A Blenheim woman who took the "stupid" decision to drive while more than three times the legal limit admits she could have killed somebody.
Carol Singleton, 47, said she was both ashamed of her actions and thankful she was caught by police.
Mrs Singleton, a caregiver, was caught driving with excess breath alcohol of 1441mcg (legal limit 400 mcg) shortly before 3pm on September 6.
Judge Ian Mill said it was one of the highest levels of blood alcohol he had ever seen.
Judge Mill said it was clear given the amount of alcohol and the time of the offending that Mrs Singleton had a problem with alcohol.
The mother-of-two said she had no excuse for getting behind the wheel that day.
She described how she had read stories about drunk drivers in the past and thought they were idiots.
"I could have easily killed somebody," Mrs Singleton said. "It was stupid but I can't just blame the drink, nobody forced the booze down my throat. That was my own choice. There is no excuse for getting into a car when you have been drinking."
Mrs Singleton said she was driving to a doctor's appointment when she was stopped by police.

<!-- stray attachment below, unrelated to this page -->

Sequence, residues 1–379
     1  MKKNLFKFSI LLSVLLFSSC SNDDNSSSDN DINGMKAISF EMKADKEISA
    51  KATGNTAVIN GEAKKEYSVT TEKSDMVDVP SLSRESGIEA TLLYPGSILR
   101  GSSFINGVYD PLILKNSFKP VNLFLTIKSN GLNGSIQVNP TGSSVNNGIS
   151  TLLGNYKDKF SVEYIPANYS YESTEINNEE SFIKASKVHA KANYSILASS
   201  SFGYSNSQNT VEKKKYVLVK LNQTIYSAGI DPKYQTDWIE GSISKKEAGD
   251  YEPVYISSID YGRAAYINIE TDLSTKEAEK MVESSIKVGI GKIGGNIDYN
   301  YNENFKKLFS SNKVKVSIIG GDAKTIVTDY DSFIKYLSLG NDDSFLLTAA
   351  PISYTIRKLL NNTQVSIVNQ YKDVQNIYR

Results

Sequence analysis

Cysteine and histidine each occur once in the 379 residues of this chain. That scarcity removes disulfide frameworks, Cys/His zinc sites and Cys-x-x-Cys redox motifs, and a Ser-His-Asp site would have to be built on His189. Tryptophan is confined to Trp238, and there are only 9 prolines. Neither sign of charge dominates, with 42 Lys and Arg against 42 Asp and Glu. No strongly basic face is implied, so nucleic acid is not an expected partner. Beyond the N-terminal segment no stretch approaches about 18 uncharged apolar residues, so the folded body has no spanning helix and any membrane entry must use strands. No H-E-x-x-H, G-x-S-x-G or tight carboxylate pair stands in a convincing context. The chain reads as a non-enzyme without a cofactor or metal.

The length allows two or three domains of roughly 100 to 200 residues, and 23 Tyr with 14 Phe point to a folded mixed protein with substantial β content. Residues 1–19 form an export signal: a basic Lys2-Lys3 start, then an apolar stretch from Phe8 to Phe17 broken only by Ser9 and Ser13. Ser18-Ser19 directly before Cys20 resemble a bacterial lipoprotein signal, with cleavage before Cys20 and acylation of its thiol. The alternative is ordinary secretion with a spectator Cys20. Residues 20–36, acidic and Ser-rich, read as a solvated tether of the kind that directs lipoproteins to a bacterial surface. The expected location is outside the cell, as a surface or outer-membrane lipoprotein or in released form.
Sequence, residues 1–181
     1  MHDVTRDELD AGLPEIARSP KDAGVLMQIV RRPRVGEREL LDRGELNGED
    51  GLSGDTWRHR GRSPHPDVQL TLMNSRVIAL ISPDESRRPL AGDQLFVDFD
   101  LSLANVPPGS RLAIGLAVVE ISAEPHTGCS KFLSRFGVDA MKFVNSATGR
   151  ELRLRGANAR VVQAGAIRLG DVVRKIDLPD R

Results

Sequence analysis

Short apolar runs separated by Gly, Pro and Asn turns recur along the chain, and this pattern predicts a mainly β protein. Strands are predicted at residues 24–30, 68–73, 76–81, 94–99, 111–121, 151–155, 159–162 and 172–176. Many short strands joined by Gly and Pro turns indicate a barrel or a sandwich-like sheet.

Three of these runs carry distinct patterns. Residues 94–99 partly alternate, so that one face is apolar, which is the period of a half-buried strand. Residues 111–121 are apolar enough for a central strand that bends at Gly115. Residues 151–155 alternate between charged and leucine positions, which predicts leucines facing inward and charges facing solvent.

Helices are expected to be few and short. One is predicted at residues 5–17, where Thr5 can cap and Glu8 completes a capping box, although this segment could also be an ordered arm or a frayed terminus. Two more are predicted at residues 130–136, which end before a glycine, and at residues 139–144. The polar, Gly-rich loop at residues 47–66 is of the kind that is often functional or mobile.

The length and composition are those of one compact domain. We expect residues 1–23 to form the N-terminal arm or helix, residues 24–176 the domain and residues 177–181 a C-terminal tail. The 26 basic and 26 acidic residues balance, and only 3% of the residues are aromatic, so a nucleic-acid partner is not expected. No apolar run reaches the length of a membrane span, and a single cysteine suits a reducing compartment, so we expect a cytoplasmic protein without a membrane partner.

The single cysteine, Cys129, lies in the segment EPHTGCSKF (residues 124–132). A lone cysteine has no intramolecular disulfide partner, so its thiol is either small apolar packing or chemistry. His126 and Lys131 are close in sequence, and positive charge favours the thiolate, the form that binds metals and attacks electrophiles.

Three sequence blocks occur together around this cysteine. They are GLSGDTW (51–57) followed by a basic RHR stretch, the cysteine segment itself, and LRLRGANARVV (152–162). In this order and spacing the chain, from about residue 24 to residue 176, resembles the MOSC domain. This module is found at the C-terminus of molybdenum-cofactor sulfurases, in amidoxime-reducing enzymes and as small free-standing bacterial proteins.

She had hurt her back a week earlier after falling down concrete steps in her house. She said she wasn't drunk when she fell, but admitted she had been drinking.
The Blenheim woman started drinking heavily about six months ago but didn't know why, she said.
She was drinking about a litre and a half of wine a day.
"It was just there in the fridge," she said. "I'm just one of those people that can't stop at one. The drinking got gradually worse and you don't realise what you are doing at the time."
Mrs Singleton had started alcohol counselling with Addiction Services at Wairau Hospital before getting caught drink-driving, she said.
"I know what's right and what's wrong when I'm sober but when you have a few drinks everything changes, you don't think straight," she said. "I don't think I realised how bad I was until this happened."
Reading her court story in Tuesday's Marlborough Express prompted Mrs Singleton to pour all the alcohol left in her house down the sink, she said.
Mrs Singleton said she was surprised by how many people, like family and friends, were prepared to support her. "I don't feel like I deserve it."
An apology was also offered to Blenheim police for the trouble she had caused and thanked them for taking away her licence.
Mrs Singleton was fined $1250 plus court costs and disqualified from driving for nine months.
Judge Mill also sentenced her to six months' supervision to complete alcohol and other counselling.
- The Marlborough Express
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